4. The method according to claim 3, wherein the incorporation of the fibrous sheet-like material comprises the covering of an outer surface of the embedding part with the fibrous sheet-like material before the insertion of the embedding part.
5. The method according to claim 3, wherein the incorporation of the fibrous sheet-like material comprises the covering of an inner surface of the working region with the fibrous sheet-like material before the insertion of the embedding part.
6. The method according to claim 1, wherein the introduction of the strut comprises the following sub-steps:
creating a hole in the foam material, extending from the entry surface of the foam material from outside the working region to at least the fibrous sheet-like material; and
drawing at least one bundle of fibers into the hole.
7. The method according to claim 6, wherein a step of filling the hole penetrated by the at least one bundle of fibers with the matrix system is also provided.
8. The method according to claim 6, wherein the creation of the hole is performed by sticking a needle through the foam material and the fibrous sheet-like material as far as an exit surface of the foam material.
9. The method according to claim 1, wherein, after the introduction of the strut, a step of at least partially removing the foam material including the strut within the working region is performed.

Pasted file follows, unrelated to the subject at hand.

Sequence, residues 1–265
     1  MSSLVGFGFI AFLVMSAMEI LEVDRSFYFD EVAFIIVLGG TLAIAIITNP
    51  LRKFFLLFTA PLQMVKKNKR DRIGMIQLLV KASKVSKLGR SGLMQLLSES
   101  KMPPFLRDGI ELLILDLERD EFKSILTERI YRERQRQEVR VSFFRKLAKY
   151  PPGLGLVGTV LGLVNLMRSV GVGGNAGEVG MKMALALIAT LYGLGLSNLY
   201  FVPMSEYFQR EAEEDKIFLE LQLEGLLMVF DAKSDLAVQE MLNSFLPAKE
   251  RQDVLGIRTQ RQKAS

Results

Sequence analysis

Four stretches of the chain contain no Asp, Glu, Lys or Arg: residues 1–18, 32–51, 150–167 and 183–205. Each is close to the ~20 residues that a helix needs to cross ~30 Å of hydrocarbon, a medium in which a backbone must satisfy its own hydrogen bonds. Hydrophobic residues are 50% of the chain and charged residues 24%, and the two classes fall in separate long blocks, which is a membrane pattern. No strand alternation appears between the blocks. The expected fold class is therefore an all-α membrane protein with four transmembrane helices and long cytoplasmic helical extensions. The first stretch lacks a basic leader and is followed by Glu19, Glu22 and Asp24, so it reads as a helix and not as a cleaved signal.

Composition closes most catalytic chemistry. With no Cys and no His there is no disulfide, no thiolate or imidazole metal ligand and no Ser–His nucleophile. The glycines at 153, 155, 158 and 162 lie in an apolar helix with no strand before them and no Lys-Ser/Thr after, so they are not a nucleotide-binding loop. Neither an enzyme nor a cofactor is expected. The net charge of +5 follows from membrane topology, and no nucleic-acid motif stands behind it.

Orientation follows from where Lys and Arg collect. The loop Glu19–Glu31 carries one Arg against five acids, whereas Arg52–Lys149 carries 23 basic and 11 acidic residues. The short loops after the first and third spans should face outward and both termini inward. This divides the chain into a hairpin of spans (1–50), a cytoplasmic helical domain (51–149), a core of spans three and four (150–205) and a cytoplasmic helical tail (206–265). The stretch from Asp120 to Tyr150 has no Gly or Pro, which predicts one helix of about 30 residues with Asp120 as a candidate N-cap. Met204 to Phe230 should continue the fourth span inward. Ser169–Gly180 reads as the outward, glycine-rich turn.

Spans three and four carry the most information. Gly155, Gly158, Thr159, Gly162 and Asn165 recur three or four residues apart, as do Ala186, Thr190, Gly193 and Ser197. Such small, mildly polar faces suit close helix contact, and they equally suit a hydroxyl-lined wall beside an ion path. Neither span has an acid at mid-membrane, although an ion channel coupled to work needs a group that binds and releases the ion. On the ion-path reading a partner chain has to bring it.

10. The method according to claim 9, further comprising a step of inserting an insert part into the working region, the diameter of the insert part being at least ⅔ of the diameter of the working region and at most less than the diameter of the working region.
11. The method according to claim 10, wherein, before the step of removing the foam material (106) including the strut, the following steps are also performed:
forming or arranging at least one outer layer on at least one surface of the foam material; and
creating an outer layer opening in the at least one outer layer over the working region,
the diameter of the outer layer opening being at least ⅔ of the diameter (d2) of the working region and at most less than the diameter (d1) of the working region.
Description
CROSS-REFERENCE TO RELATED APPLICATIONS

This application claims the benefit of U.S. Provisional Application No. 60/881,980, filed Jan. 23, 2007, the entire disclosure of which is herein incorporated by reference.

FIELD OF THE INVENTION

The present invention relates to the technical field of composite materials. In particular, the invention relates to a method for reinforcing a foam material. The invention also relates to a sandwich component that comprises a reinforced foam material and to an aircraft with such a sandwich component or with a structural component which has been reinforced by using the method according to the invention.

BACKGROUND OF THE INVENTION